Tuesday, my kids and I and whoever wishes to join us, will strew some of Ronnie's ashes at Rosemont Cemetery where his headstone marks his time here on earth. Then we will drive to the top of Mt. Scott in the Wichitas and release the rest. He didn't want his remains to be kept in a box and although I know he is past caring about all that, I feel bound to keep my promises.
Mt. Scott is not the Redwood Forest, but we had many good times at the Wildlife Refuge, Medicine Park and Meers. Thinking back on all our trips there, I realized that at some point, we were accompanied, at one time or another, by every member of our family and most of our friends. We often went alone.
I remember going up one day, just the two of us. We stopped in at that souvenir shop with the live rattlesnakes, before driving up onto Mt. Scott. We stayed a while looking out at the line of new wind turbines in the distance and wondering how wind power will change our world. We watched the soaring eagles and hawkes below us. Afterwards, we went down to Medicine Park and had a delicious meal at The Old Plantation. We strolled along the new lighted river walk holding hands. We talked about how much improved Medicine Park is now, compared to when we came years ago. We returned many times after that day. We both felt a connection to Medicine Park.
I have many wonderful memories of Ronnie everywhere I go. He's in every room of our house, in every corner of our yard. I can't go within a 400 mile radius of Wichita Falls without having an onslaught of memories of having been there with Ronnie.
I see his influence in Seth, in the boy's absolute fascination with all things that have a motor, his love of being outside regardless of what the weather is.
It is interesting to me, and it makes me feel good to know how others remember Ronnie. Several months after Ronnie passed on, Danny McShan brought me an unopened can of Bud Light, and he told me this story: Danny said it was awful hot the last day Ronnie came out to his house to work on that 1957 Ford they had bought together. David Stepp, was there, too. Danny went across the street, bought a six pack of beer and they all three drank one. Danny put the other three in a cooler and forgot all about them. The cooler eventually got covered up, then one day, Danny noticed it and opened it -- and there were the other three beers, one for Ronnie, one for David and one for Danny. Dan keeps his as a memory of that last day of camaraderie, and I assume David will too. Mine sits high up on the book shelf so no one will open it, and everytime I see it, I think of Ronnie and Danny and David, and the tales of laughter and friendship Ronnie related to me when he returned that day.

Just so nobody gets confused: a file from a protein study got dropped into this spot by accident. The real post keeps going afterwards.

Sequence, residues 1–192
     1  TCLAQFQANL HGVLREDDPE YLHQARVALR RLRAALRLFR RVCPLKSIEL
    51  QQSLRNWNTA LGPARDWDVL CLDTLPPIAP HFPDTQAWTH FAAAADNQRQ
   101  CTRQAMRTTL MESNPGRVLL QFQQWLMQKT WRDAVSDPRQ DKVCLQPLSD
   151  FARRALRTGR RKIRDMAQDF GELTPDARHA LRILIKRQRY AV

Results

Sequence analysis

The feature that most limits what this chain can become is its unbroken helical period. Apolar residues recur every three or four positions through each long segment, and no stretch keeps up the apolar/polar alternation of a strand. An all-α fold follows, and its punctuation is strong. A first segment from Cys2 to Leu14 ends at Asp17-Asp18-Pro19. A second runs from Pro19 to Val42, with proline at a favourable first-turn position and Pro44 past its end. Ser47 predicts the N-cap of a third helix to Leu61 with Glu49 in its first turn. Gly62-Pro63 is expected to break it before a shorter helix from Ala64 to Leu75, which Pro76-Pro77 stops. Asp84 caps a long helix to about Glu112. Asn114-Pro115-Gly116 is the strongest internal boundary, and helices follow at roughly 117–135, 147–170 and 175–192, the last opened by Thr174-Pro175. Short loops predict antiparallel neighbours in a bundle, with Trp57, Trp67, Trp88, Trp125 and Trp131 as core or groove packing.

Lowell Tate was Ronnie's shadow for many years. They didn't miss many car shows. Even after Ronnie retired, he'd go get Lowell to ride with him when Ronnie had headlights to clear. Lowell rode along the week that Ronnie delivered flowers for me at Bonnie's Bouquets. Lowell told me he would never delete Ronnie's number from his phone.
Glen McShan bought Ronnie's last rebuild project, a 1954 Chevy pickup. Glenn Cobb got an unfinished Coca Cola box. Ronnie's youngest brother, John, has his white Chevy pickup. Bruce wants some of Ronnie's ashes.
He's remembered by most who knew him, as a good man, a fun guy, a reliable co-worker, a knowledgeable streetrodder, a lover of old things that reminded him of his childhood, a lawn manicurist, a collector of old signs.
Ronnie and I had a few rough years. In fact, all our years were bumpy in places, but I prefer to remember the good times, the best times. Hopefully rather than "resting in peace", he's in the hereafter building the perfect streetrod, raising "lavender" colored Rollers, guiding Seth from his new, all knowing perspective and having a riproaring good time. We miss you, Bruno!